What Gives With Gill?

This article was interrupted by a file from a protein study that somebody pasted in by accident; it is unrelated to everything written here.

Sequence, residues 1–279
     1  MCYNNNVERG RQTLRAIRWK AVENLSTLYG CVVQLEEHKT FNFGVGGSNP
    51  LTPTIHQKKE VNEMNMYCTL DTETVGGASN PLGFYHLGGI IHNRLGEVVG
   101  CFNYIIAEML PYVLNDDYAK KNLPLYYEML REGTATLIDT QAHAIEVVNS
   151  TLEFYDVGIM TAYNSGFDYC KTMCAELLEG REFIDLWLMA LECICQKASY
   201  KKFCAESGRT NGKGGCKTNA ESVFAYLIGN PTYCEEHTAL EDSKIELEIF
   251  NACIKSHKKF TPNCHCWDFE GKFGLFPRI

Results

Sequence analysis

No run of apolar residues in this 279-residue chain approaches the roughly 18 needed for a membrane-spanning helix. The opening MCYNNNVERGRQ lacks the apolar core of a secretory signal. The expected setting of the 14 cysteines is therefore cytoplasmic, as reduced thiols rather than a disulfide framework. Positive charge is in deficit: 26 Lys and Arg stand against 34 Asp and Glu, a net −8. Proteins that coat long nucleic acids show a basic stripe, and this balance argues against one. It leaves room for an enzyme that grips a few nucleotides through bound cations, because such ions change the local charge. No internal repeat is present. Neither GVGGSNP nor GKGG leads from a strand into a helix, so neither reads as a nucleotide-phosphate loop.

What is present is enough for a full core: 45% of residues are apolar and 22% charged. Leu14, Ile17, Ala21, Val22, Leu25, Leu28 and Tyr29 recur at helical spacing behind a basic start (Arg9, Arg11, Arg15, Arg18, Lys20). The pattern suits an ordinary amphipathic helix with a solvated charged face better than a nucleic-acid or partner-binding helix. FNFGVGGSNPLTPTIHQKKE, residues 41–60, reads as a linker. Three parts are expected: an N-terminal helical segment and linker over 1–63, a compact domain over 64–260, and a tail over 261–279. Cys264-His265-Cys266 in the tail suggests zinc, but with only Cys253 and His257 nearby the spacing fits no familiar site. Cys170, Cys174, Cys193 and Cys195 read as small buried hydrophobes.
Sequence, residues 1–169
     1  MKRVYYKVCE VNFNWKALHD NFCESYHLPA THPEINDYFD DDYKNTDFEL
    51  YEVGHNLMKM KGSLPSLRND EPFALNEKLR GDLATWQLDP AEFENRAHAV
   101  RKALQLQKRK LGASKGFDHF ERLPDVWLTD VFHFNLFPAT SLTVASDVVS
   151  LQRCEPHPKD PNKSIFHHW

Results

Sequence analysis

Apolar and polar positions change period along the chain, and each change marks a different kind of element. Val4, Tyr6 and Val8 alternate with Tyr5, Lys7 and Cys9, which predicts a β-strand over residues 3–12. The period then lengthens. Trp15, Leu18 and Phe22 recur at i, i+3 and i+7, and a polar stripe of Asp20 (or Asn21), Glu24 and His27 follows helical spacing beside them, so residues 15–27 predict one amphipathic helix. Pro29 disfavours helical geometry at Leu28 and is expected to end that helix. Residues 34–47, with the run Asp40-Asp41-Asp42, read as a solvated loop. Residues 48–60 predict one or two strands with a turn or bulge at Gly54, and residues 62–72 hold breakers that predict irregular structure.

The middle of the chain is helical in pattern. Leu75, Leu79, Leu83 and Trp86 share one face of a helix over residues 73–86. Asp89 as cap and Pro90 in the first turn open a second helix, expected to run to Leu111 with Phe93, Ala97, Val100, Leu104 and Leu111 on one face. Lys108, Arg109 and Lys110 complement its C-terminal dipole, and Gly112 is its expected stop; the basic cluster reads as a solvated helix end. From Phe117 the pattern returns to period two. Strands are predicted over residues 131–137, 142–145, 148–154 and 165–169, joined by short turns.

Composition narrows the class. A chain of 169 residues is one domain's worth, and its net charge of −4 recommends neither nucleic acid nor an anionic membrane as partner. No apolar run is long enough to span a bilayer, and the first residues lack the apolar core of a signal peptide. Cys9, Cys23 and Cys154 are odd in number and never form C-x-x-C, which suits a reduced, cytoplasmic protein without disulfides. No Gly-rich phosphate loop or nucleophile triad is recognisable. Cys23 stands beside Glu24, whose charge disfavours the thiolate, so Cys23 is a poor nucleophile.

Tim Gill's rise to fortune sounds pretty much like your typical, computer-age, megabyte to mega-riches story: Ambitious young software entrepreneur spends 14-hour days sequestered in his apartment, staring at a computer screeen and ordering out for pizza before making millions.Gill's Denver-based company, Quark Inc., is now a world leader in desktop-publishing software. With an estimated net worth of roughly $500 million, the Colorado native is a consistent entree on the Forbes 400 list.But 42-year-old Timothy E. Gill is not your typical, super-rich software geek. Long open about his homosexuality, Gill has emerged as a leading and visible corporate philanthropist in the field of gay and lesbian issues. (The only other individual donor in the same arena is Los Angeles-based rock promoter David Geffen, the mega-rich and openly gay founder of Geffen Records and, before that, Asylum Records.)And, according to many involved in gay politics and fund-raising, there's very little that's typical about the way Gill parts with his money.Gift for GivingGill's own political awakening came in 1992 after Colorado voters approved Amendment 2, which would have forbade cities and counties in the state from passing laws that protect gays and lesbians from discrimination.The U.S. Supreme Court ruled Amendment 2 unconstitutional, but not before Gill decided to commit $1 million toward his newly created Gill Foundation, which would not just fight Amendment 2, but support a wide range of gay and lesbian causes.It's no coincidence that the software magnate based his newly created fund in Colorado Springs, the city now known nationally as a haven for the religious right and the birthplace of Amendment 2. However, the foundation's strategic presence here has as much to do with the fact that Colorado Springs is home for its executive director, Katherine Pease."We would probably not be active here if I didn't want to be here," Pease sa id.The Gill Foundation's coffers -- and all gay and lesbian funds combined, for that matter -- constitute mere pocket change compared to the riches raised by religious groups. However, in terms of dollars, the foundation boasts the largest grant program designated for lesbian and gay causes in the country.What makes Gill's dollars particularly effective, according to gay and lesbian activists, is the way the foundation gives those greenbacks away. Instead of giving solely to gay and lesbian groups, the foundation also makes high-profile awards to general community groups, ranging from the Denver Public Library, to Habitat for Humanity and Museo de las Americas. In 1994, Gill launched the annual Cheshire Ball, a fund-raiser that has delivered tens of thousands of dollars to the Child Abuse and Prevention Team at Children's Hospital in Denver.Giving to non-gay causes is a new strategy in a field where limited resouces tend to get soaked up quickly by gay and lesbian grassroots groups. But Bob Crane, president of the New York-based, progressive Joyce Mertz Gillmore Foundation, called the tactic "brilliant," because it sends the message that gays and lesbians are an integral part of the community."Gays and lesbians, in fact, already give to a wide range of non-gender-related charities and causes," said Crane, whose foundation is one of the few major funds that donates to the gay cause. "What this does is let the world know that gays and lesbians are contributing very much to the community."During the foundation's first four years, this philosophy has evolved more formally into the Gay and Lesbian OutGiving Fund, which made a splash this spring when it donated a $5,000 matching grant to KRCC-FM during the Colorado Springs public radio station's spring fund drive. The gift resulted in one of the station's shortest fund-raisers ever -and in a dozen daily announcements that the Gay and Lesbian OutGiving Fund contributes to KRCC programming."I see our role in Colorado Springs to be one of bringing the community together and funding organizations that build bridges and coalitions," said Gill's Katherine Pease. "It's part of a way of leveling things out so that people who hold the same values as the foundation are given a better chance."Some gays and lesbians were thrilled by the on-the-air exposure."The fact that every couple minutes Lyn Akers had to say 'Gay and Lesbian OutGiving Fund' [on the air] was absolutely delightful," wrote "Ground Zero" director Frank Whitworth in a recent issue of the group's newsletter.Funding the UnderdogAside from the public-relations value, some note that the foundation's funding strategy, shaped by the politics of its birth, means they are willing to fund the underdog."The beauty of the Gill Foundation is that they are willing to take a risk to help people that other foundations may not want to help," said Roxanne White, executive director of Urban Peak, a drop-in and sleep-over outreach center for street teens in Denver.This year, the foundation gave Urban Peak $5,000 for general operating expenses, $20,000 for capital improvements and $10,000 to fund part of the salary for a specialist to work with gay and lesbian teens, necessary, White said, because reportedly some 35 percent of street teens are lesbian, gay or bisexual."For those kids, it's harder to stay in foster care, and it's harder to find appropriate foster care," said White, noting that some foster parents are put off, or just plain panicked, by the thought of taking in a gay teenager. Because of housing and job discrimination, it's also harder for those teens to move off the street, White added.Ready for the CountryBut that's not the only thing that makes the Gill Foundation unique. The Gill Foundation is the only major gay giving group outside of Los Angeles, San Francisco, New York or Washington, D.C. And it's the only major funder that gives significant bucks to groups outside those cities; in fact, the Gill Foundation makes a point of supporting gay and lesbian groups in rural areas. "There can't be more than two or three foundations that have been willing to support gay and lesbian issues in New Mexico," said Martha Trolin, secretary for GLUE New Mexico, which sponsors gay community gatherings in such hubs of queer politics as Alamagordo, Las Cruces and Truth or Consequences.Conservative rural mores force many rural queers to stay isolated and closeted, said Trolin. With rural support groups, Trolin hopes, those gays may not feel they have to move to the major east and west coast hubs to find a sense of community. "We're born everywhere, and therefore, we should be everywhere," she said, noting that gay migration from rural America is one reason anti-gay measures had done well among voters in largely rural, conservative states, such as Maine and Oregon.Gill's Uphill BattleBut the Gill Foundation clearly has an uphill battle on its hands. Of the $150 billion that Americans gave to charity last year, the bulk, roughly F percent, went to religion-related causes, according to "The Chronicle of Philanthropy". (Roughly 12.5 percent went to education, 9.2 percent to health issues, 8.1 percent to human services and 7.2 percent to arts and culture.)No single gay and lesbian group appears on the "The Chronicle's" 1996 list of top 400 American charities, where Colorado Springs-based Focus on the Family is number 66, posting $88 million in private support. Another local religious non-profit, The Navigators, is number 107.In fact, organizations headed by Billy Graham, Pat Robertson and Oral Roberts fill out a list of 24 religious groups on "The Chronicle's" top 400, but there's not even an entry for an organization representing women's issues, let alone any other gender issue.Nationally, only a dozen groups give exclusively to gay and lesbian causes."The mainstream foundations have not tended to see gay and lesbian rights as human rights in the way Amnesty International does," said the Gill Foundation's Mickey McIntyre, director of the Gill Foundation's OutGiving Project. (Unlike the OutGiving Fund, the OutGiving Project seeks to boost gay and lesbian fundraising efforts.)Pease noted that, without many historical role models, the public's perceptions about gay philanthropy are just starting to take shape."We just did a study in New York, and we just asked them, 'Who are your philanthropic peers?' and Tim Gill's name came up at the top of the entire country," Pease said. "Tim is a wonderful visionary; almost everything you see, in terms of the visions and the direction the foundation is going, comes from his ability to look at things holistically and to take a step back and look at the big picture."Though it's hard to measure, some observers note that giving to gay groups has been affected by the conservative rallying cry that the "militant homosexual lobby" -- as they love to call it -- is, in fact, looking for "special rights," not civil rights.And many religious-right groups, from Focus on the Family to the Mississippi-based American Family Association, routinely claim that gays and lesbians are more affluent than most Americans and exert undue influence on the political system. "Records compiled by the "Wall Street Journal" show that homosexuals are one of the most affluent groups in America!" shouted one AFA publication.For their part, gay and lesbian activists say it's hard to counter AFA's claim, because there's been little real research in the area. But they say such assertions are skewed, because surveys have targeted mostly out-of-the-closet gays who tend to be financially secure and live in big cities, where average incomes are already higher than national norms.Ironically, some of the research and marketing hype to which conservatives cling was given more of a spotlight by gay and lesbian groups, who used claims of gay economic muscle to get political and popular visibility. In some ways, that image has come back to haunt some shoestring gay-rights groups."It's an argument used by a number of foundation and corporate giving institutions, because the research that gets the most visibility indicates that gay white men have a large amount of disposable income," said Nancy Cunningham, director of the national Working Group on Funding Gay and Lesbian Issues.Giving Under SiegeDespite all this, gay and lesbian funders see some signs of progress. Three years ago, when Cunningham's working group published its first directory of foundations that give to gay and lesbian groups, there were only 80 entries. Today, that list includes 240 foundations.And corporate giving appears to be up -- across the board and for gay and lesbian groups. Levi Strauss, The Gap, Phillip Morris -- even the traditionally conservative Coors -- are some of the key corporations that now give to gay and lesbian organizations."We've come a long way, but there's still clearly a significant level of homophobia and just general ignorance about the gay and lesbian community," said Cunningham. "There's a hesitancy among some of the mainstream philanthropic groups to fund gay and lesbian causes."McIntyre agreed. "For a long time, the giving was closeted," he said. "People couldn't give openly, because that would then mean they'd have to be out about their homosexuality. By contrast, it's not hard to be out as an environmentalist in most places."Still, giving within the gay community is on the rise, in part due to the offensives launched by its enemies. "The main reason for giving to a cause is self-preservation and fear," said McIntyre. "So when a community feels under siege, which began for the gay community with the HIV-AIDS epidemic and now with the right wing, we see donors getting together. They don't want to become any less human than they alreadyare in the eyes of the government and the country."Sunday SchoolIronically, McIntyre sees the gay and lesbian community taking some lessons from the religious right."The right is so good at fund-raising, because they've been doing it since Moses was a boy," said McIntyre. "They've been raising money forever, and they do it very, very well. They ask every Sunday. We're not very good at asking people to give money. We get all worried if we ask three times a year."And why not learn from the right. As McIntyre is quick to note, the religious right isn't the only side hawking a form of salvation. "Religion is good at raising money, because they can say, 'Be good, and you get into heaven, into salvation,' " McIntyre noted. "And if gays and lesbians don't give or fund our own organizations, then the religious people will take away our future. There will be no salvation for us."PART IIThe Interview by Cara DeGetteThe name Tim Gill may not be well-known, but his creation Quark certainly is. Quark, Inc. is the nation's leading software program for desktop publishing; nearly every newspaper and magazine you're likely to read was designed using Quark software. Gill, one of Colorado's richest men, has used his wealth and philanthropic inclination to establish the Gill Foundation. Although Gill lives in Denver, the foundation calls Colorado Springs home. While his foundation is high-profile for its gay and lesbian Outgiving Program, Gill keeps a low-profile. He rarely talks to the press, but on a recent visit to the Springs, he sat down with "The Independent's" Cara DeGette.The Foundation Q: Why did you choose to have the foundation headquartered in Colorado Springs? A: Because [foundation executive director] Katherine [Pease] wanted to live here. To me, it didn't matter too much where we were. Our mission in life is not just to service Denver. To have it outside of Denver is a wonderful thing, because it makes us more cognizant of other communities. And I think Colorado Springs is a great place.Q: What about the atmosphere of Colorado Springs? Do you find its right-wing mentality oppressive? A: No, certainly not. Wars go on longer than they need to, because the participants end up hating each other, and so it makes it harder for them to negotiate. I have no interest in hating anyone. We're all in this world together; we all have to get along. There are elements of the Colorado Springs community that have views that are very different than ours. We have years to convince them that there might be other ways to look at things.Q: What kind of flak do you get from underfunded gay and lesbian groups when you make decisions to give to non-gay organizations? A: Sometimes a gay and lesbian group will come and say, "Tim Gill, he's gay; he really should only be giving money to gay and lesbian things." That's kind of a silly point of view. I should be giving money to things I believe in, and there's a lot more things that I am besides just being a gay man.Q: Yet there are virtually no gay and lesbian foundations in the United States. A: It's really fascinating that the total budget of all gay and lesbian organizations in the United States is smaller than the amount of money raised annually by the Jewish community in Detroit.Q: How do you determine what organizations are funded? A: I begin by telling people -- and I do this in business, too -- by saying, "This is what I want to do," and then people watch me. And at some point you switch, and people start saying, "Tim, this is the decision you would make." That's kind of phase two, and phase three is Katherine coming to me and saying, "This is the decision you would make."Q: How are you involved with the foundation? A: The thing I really do with my life is run my company. And that just happens to produce some money that I can invest back in the community and things I believe in. [Katherine's] really responsible for making recommendations. But we discuss each and every organization she's funding, to make sure that [each one] fits in with our philosophical guidelines. Gay and Lesbian GivingQ: Have you run into situations where people that you want to help say, "We don't want that money"? A: We don't get that particularly through the Gill Foundation. We do from the Gay and Lesbian Outgiving Fund. And when that happens, it's an OK thing. As long as they discuss it, I think in the end, they're going to end up being educated. I suppose it's like coming out. When you're a kid and you realize you're gay, you fight it. Sometimes you try to hide it from people, and eventually, you have to accept that being gay is -- for you, anyway -- a completely normal and natural thing to be. I accept that people, when they're changing their minds and their attitudes, will take some time and have a little trouble with it at first.Q: Does it happen often? A: No, actually. Of course, we don't go looking to give money to people, as much as [they come] looking for us. So they are kind of self-selected by the time they get here. Money and PeersQ: How much do you hobnob with the rich and famous? A: I have remarkably few friends that are millionaires. Most of my friends are computer programmers, or just people whom I have known for years from back when I wasn't as successful as I am today. Just because you become successful doesn't mean you have to change your friends. They were perfectly good friends then, and they are perfectly good friends now.Q: So how much do you hobnob with the rich and famous? A: Almost not at all. Some people have stereotypes about rich people and don't know very many rich people, so there's nothing to contradict the stereotypes. The same thing is true of gay people. People don't know very many gay people, and so they evaluate people based on stereotypes. Up until about four years ago, I drove a 10-year-old Honda, and it's not because I couldn't afford anything better, but mostly because cars aren't worth it to me. It's very odd that people think of me as a rich person.Q: Who are your peers? A: I would define peers as my friends. One of my friends is a computer programmer. One of my friends is a paralegal. Another is kind of a corporate trainer. And another one is a freelance programmer. They are who I go to when I want advice.Q: Are these the same guys you hung out with when you designed computer programs and ordered out for pizza? A: Some of them are. Others are just people I met at parties that I clicked with.Q: In terms of business, who are your peers? A: CEOs or chief technical officers of companies.Q: Do you find yourself having much in common with them, personally? A: No, but that's more because I live in Colorado, and they live in Silicon Valley. The world viewed in Silicon Valley is very different than the way it is viewed in Colorado. I don't have much in common with them. I'll talk to them on the phone; I'll talk to them at trade shows; but I don't have very much interaction with them.Q: Who are your philanthropic peers? A: Some of them are gay, and some of them are not. When I start to think about peers in the philanthropic community, I think more about people, I guess, not that are my equals, but that have been at it longer, that I look up to.Q: When you meet with these philanthropic colleagues, do you talk strategy, do you talk about where the money's going to go? A: I do. I meet with them at the Outgiving Conference. The purpose is really to share philosophies, as opposed to getting together and forming a pact. Because there are so many good organizations, you really want to fund them all. You don't want to do anything that concentrates money in one place. The Gay AgendaQ: What is your gay agenda? A: [Laughs] It's funny that the religious right says there's a gay agenda. If there's a gay agenda, I've never been invited to the meetings that set it. Gay people are like everybody else. They have concerns -- some people are more concerned about their family, some are concerned about their jobs, so it really just depends on the person's background and how their life is structured. If there is a gay agenda, it would have to be that we would like to be like everyone else. We would like to have the same rights, and we would also like to have the same responsibilities.Q: Does that extend to legislation that gives you equal rights with regard to same-sex marriages, with regard to partner benefits? A: We pay taxes like everybody else, and to have society say, "You have the responsibility to pay taxes, but you don't have the right to gain the benefits of marriage," seems unreasonable. Marriage is really two things: There is a religious component, and no one in the world believes that if a church doesn't want to marry two people of the same sex, they should be forced to. But look at the purely bureaucratic rights that government has given to couples. It is beneficial to society to have couples, useful so that if one gets ill, the other one can take care of them. We just went through the death of my husband's father, and I can't imagine whatit would have been like for [my husband] if he hadn't had someone else who could come in and help make medical decisions. Society has constructed these kinds of partnerships between people, and I would like to be able to participate. But if I die, I can't give my inheritance tax-free to my partner. In my case, what would end up happening, is my company would die.Q: Because the inheritance tax is so high? A: The taxes are 60 percent of the value of your assets. Sixty percent of the value of Quark would have to go to the U.S. government at the time of my death. The company wouldn't survive that.Q: How have you worked around that? A: I try very hard not to die!Q: Did the Amendment 2 boycott against Colorado hurt your business? A: Not as far as I can tell.Q: You've been on the Forbes 400 list for quite some time, but your foundation doesn't even figure on things like the Chronicle of Philanthropy's Top 400 charities. Focus on the Family, The Navigators and other religious groups are well-placed on that list. Is there any realistic way of catching up? A: Fundamentally, people -- Americans in particular -- are committed to equality and always have been. In the long run, equality and equal opportunity pretty much always win. It's merely a matter of educating people about what gays and lesbians are so that they get rid of some of the stereotypes they have. That's a far cheaper proposition than trying to prevent people from becoming educated, [which is] really what many of our opponents are about. So I don't know that we really have to catch up with them in terms of dollars.Q: Have the Southern Baptists threatened to boycott Quark? A: No. You know, they boycott Disney, because [the company is] a large physical target, and it will make the press. But I guarantee that they have computers manufactured by companies that have domestic-partner policies. In fact, if they were only to religiously follow their own precepts and not buy things from companies that have domestic-partner policies, they'd be in the Dark Ages. They wouldn't have computers; they wouldn't have software; because most of the high-tech industry has recognized that all we really care about is employees that can do a good job. I need the best and brightest people. I can't afford to make value judgments, and I can't afford to put people in little boxes.Q: Isn't this "war" with the religious right basically a good thing for the foundation? A: I absolutely agree. The religious right brought more attention -- or advertising, if you will -- to gay and lesbian issues than the gay and lesbian community could in 20 years of trying on its own. We almost owe them a debt for that, because they activated us. They made the average American think about our issues in ways that they hadn't. I don't think it will just go away. And if, sometime, gays and lesbians are treated just like the rest of society, that's great. That means we can spend money on other things. There's so many things that need spending money on. BusinessQ: You are known as a tough business competitor. What are your ambitions now? A: The only ambition you should really have as a business is [to] do the best for your customers. That is the most fiercely competitive thing you can do, to produce high-quality products for your customers. If you look at the way Quark spends money, you won't find us spending a lot on advertising. I am not a big advocate of the hard sell. I fundamentally believe that presented with the information, the customer will make the most intelligent decision possible for them. If that makes me a tough competitor, well, everyone else should start being more honest.Q: How's your company doing? A: I am happy that we've done a good job. One of the problems our chief competitor has is that they became complacent. They just assumed people would just go on buying their product, no matter what. It was Aldus, bought out by Adobe. I give little speeches from time to time, and my favorite saying is, "Success isn't a place at which you arrive. Success is a process in which you engage." The20people that fail are typically the ones that say , I'm successful, and I can sit back and relax now. As soon as you do that, you begin the process of failing. PersonalQ: What is your coming-out story? A: I came out in 1972; it was about a week after I left for college. There was a gay organization on campus [at the University of Colorado at Boulder]. I really knew I was gay since I was 13 or 14, but I didn't think there were any gay people in Colorado. I knew that they lived in New York, because I had read an article in Life magazine, but I didn't think there were any gay people in Colorado. I was kind of a naive kid. So when I found out that there were, I went in [to the gay center], and I was absolutely petrified. My first word was "Hi," and my second word was "Hello," and then I just shook for 30 minutes. The man who was in there just calmly talked to me, and after about 30 minutes, I was OK with it and haven't really had any problems since. I went around speaking on campus about being gay and helped organize some of the events the Boulder Gay and Lesbian Liberation put on. My parents, I told them about two months later. They took me to see the psychiatrist the next day, and the psychiatrist said that I was fine, but we would have to work on my parents. My mother 8A was so disturbed by this that she started reading all these pop psychology books, like I'm OK, You're OK, and she got so into it [that] she went back to school and got a masters in psychology. [But now] they're wonderful with it.Q: How long did it take? A: It took them about two years. They never said, "I hate you." It was always, "We love you, but we wish you wouldn't be this way." But now I think they're actually very happy with it. I have the longest-term relationship in our family. My husband and I have been together for almost 11 years.Q: You're a Trekkie, right? New Trek or Old Trek? A: I like them both, but currently, I don't like Deep Space Nine. I really love Star Trek Voyager, because I love the idea of a female captain. The captain of Voyager reminds me a little of Katharine Hepburn.Q: What is your relationship with the media? A: Depends on which media. The media that is smart and intelligent and thoughtful, I like. There's parts of the media that their mission in life isn't really to understand the truth; their mission in life is to create controversy. I've had some reporters that come in, they know what their story is before they interview me, and their objective is to get a quote that supports what it is they believe. Reality is never that simple. So I kind of have a relationship with the media that varies, depending on who the reporter is and what the story is.Q: Are you a vegetarian? A: Yes, I am. Have been since I was a junior in high school.Q: And you don't wear leather? A: I do wear leather.Q: What didn't I ask you? A: You didn't ask me what my favorite color is.Q: And what would that be? A: When I was a kid, it was purple.Q: And now? A: I don't know, but it wouldn't be pink.